Wednesday, October 10, 2012

Two Northern Wheatears!!

Tuesday morning had the phones all going off at the same time - a Northern Wheatear reported from the dune cross-over at South Cape May Meadows! Many cars and bodies were soon heading that way and the bird was shortly re-found out on the beach. This is not the first Northern Wheatear for Cape May, but it did turn into an interesting day for the species. This particular bird worked its way progressively eastward toward 2nd Avenue Jetty and was last reported in that area around 1PM. That could have ended up being an end to the story, but around 4:30PM, a Northern Wheatear was reported on the mown lawn beside the lighthouse (what we like to call the frisbee field!) and Glen Davis shortly found it sitting right on the bench at the east end of the grassy area. Questions then started to be asked; would a bird, that had been working eastward, suddenly have turned around and flown all the way to the west end of the point? Well, yes, I am sure it is possible and certainly not improbable, but the question had been raised. So, having enjoyed both wheatear visitations, late last night I set about trying to compare my photos of the two, looking for any differences or similarities that could resolve the problem - one bird or two...

Well, interestingly, I never came to a firm conclusion and went to bed satisfied that the likelihood of there being two birds was low enough that it wasn't really a worthwhile consideration. Roll forward to 10:30AM today when I ran into someone at the Northwood Center who told me that he had seen the bird on the grass near the lighthouse, then re-visited the beach south of the meadows and found a wheatear to be there too! Most importantly, I was told that the bird on the beach was then photographed around 6PM - I, and several others, were certainly still with the lighthouse bird at 6PM, so, no matter how alike the two birds may or may not appear in photos, it does look as though there was certainly two Northern Wheatears here yesterday.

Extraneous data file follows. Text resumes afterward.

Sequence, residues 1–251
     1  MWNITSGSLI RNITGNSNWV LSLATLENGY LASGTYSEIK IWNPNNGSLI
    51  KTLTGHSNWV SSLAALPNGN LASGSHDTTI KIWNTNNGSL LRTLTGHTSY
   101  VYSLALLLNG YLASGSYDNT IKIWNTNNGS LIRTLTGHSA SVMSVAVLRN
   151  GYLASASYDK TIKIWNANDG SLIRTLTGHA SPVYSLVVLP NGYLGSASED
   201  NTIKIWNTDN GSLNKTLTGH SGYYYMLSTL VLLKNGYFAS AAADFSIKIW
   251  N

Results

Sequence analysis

Northern Wheatear number 1 - the morning bird on South Cape May Beach [photo by Cameron Rutt]

Northern Wheatear number 1 on the South Cape May Beach. Note the very different upperpart color, caused by different lighting conditions, compared with the picture above [photo by Mike Crewe].

Northern Wheatear number 2 - the afternoon bird in the state park, by the lighthouse. Northern Wheatears are notoriously difficult to age after the post-breeding/post juvenile molt and banders who have them in the hand generally rely purely on the color of the inside of the upper mandible (not too easy in the field!). However, in reality, first-winter birds tend to show much broader pale margins to the tertials and greater coverts and both these birds seemed likely to be first-winter birds [photo by Mike Crewe].

Typically, both of these birds appeared to be of the large, richly-colored race, leucorrhoa which is the form that breeds closest to us, in Greenland and Arctic Canada. Both birds were rather chunky, often pot-bellied in appearance and had rich, almost cinnamon washes to their chests.